An illustration of how this is emphasised in practice is the importance that Jackson places on the pre-assist pass in game evaluations. That is, the pass before the pass that leads to a scoring basket – which is often the one that starts to pull the defensive unit out of position. Jackson’s great strength seems to be his ability to take a group of talented but disparate individuals, and to meld them into a high achieving team. Both the Bulls and the Lakers were perennial underachievers pre-Jackson, and have not won championships subsequently without him – which testifies to the value he adds in the coaching role.

He seems to have managed to help some incredibly talented individuals, with renowned egotistical tendencies, to subjugate themselves to the team ethic, and thence to achieve more than

they ever could on their own. For example, Michael Jordan, Dennis Rodman, Shaquille O’Neal, and Kobe Bryant. The following quote from Sir Alex Ferguson, form Bolchover and Brady’s The 90 Minute Manager provides a useful summary of the rationale for this approach “Selfishness, factionalism, clique-ishness are all death to a football team…talent without unity of purpose is a hopelessly devalued currency” (Bolchover & Brady, 2002, p. 207). Jackson himself has coined the phrase “Selflessness is the soul of teamwork” (Jackson & Delehanty, 1995, p.6). The Triangle Offence Jackson’s tactical modus operandi is the Triangle Offence.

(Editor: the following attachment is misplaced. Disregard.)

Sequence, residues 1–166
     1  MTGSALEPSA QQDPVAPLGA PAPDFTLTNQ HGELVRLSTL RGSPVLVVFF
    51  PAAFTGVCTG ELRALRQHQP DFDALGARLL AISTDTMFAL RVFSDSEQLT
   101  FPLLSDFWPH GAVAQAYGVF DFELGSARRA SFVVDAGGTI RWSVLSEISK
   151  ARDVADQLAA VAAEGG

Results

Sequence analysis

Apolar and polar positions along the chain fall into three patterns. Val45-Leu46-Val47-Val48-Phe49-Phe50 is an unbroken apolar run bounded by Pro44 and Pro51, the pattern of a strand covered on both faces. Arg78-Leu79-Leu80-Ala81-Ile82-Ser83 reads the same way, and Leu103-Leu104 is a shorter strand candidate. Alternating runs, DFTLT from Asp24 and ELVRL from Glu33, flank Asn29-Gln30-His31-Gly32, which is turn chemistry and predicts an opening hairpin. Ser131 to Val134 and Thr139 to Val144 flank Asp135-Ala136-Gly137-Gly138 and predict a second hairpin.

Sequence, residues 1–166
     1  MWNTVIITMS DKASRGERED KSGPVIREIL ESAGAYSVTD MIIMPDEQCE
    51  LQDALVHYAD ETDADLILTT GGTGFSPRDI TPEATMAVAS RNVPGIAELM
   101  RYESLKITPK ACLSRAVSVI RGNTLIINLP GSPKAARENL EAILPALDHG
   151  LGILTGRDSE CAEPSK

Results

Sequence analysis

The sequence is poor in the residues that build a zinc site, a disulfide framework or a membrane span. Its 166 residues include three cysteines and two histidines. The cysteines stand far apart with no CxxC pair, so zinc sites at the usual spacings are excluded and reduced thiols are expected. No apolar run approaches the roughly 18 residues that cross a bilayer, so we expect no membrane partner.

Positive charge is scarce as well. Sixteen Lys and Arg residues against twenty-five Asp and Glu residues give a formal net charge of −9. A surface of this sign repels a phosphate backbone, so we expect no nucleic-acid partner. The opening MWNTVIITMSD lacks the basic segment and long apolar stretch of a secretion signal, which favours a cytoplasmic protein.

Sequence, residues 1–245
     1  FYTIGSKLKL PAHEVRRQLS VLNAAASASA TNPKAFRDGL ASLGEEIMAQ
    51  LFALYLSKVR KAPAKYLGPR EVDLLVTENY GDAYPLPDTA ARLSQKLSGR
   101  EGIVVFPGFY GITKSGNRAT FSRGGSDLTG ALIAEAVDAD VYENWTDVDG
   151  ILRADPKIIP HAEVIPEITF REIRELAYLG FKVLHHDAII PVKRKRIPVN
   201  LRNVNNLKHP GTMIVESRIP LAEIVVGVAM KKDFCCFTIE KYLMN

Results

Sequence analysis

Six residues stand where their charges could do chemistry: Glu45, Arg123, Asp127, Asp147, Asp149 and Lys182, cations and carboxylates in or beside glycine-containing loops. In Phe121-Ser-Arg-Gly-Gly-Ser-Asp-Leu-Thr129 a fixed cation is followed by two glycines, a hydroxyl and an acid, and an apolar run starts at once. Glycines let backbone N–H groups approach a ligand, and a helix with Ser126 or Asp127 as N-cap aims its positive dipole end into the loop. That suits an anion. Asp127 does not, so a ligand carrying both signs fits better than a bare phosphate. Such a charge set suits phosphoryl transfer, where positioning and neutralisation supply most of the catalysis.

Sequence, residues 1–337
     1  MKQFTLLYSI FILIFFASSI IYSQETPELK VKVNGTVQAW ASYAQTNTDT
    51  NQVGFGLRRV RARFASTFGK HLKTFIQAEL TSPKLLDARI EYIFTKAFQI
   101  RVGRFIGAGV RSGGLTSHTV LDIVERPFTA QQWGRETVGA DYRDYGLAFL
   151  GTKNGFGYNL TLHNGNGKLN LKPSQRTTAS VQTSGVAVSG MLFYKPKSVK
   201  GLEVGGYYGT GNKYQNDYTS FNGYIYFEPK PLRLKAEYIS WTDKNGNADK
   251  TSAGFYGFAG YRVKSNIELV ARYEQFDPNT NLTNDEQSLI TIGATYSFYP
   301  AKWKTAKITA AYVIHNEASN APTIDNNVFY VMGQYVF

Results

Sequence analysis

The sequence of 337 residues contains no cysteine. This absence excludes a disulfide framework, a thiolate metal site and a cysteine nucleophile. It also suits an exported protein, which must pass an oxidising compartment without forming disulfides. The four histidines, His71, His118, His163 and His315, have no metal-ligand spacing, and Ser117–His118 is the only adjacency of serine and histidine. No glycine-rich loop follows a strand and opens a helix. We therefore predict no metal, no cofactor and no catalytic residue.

He describes it himself as five man tai chi, whilst Michael Jordan called it a community oriented offence. Both of these statements allude to the equal opportunity nature of this attacking system. The Triangle requires discipline and sacrifice from players, rather than the expression of their individual talent alone. This offensive system does not rely on just one playmaker, but rather necessitates a team rhythm that responds to the opposing team’s energy, and plays into it when opportunities arise.

In a way this is more like a philosophy in action. It operates under a clearly defined framework of guiding principles, which emphasise unselfishness, working in harmony, and how each player can be important within the system. It is beyond the realms of this article to describe the intricacies of the Triangle Offence in detail, but in essence it is a team strategy that reinforces the message that no player is more important than the team, and only by engaging with teamwork can players achieve true greatness. As that other great basketball coach, John Wooden, once said “It’s amazing how much can be accomplished if no one cares who gets the credit” (Walton, 1992, p.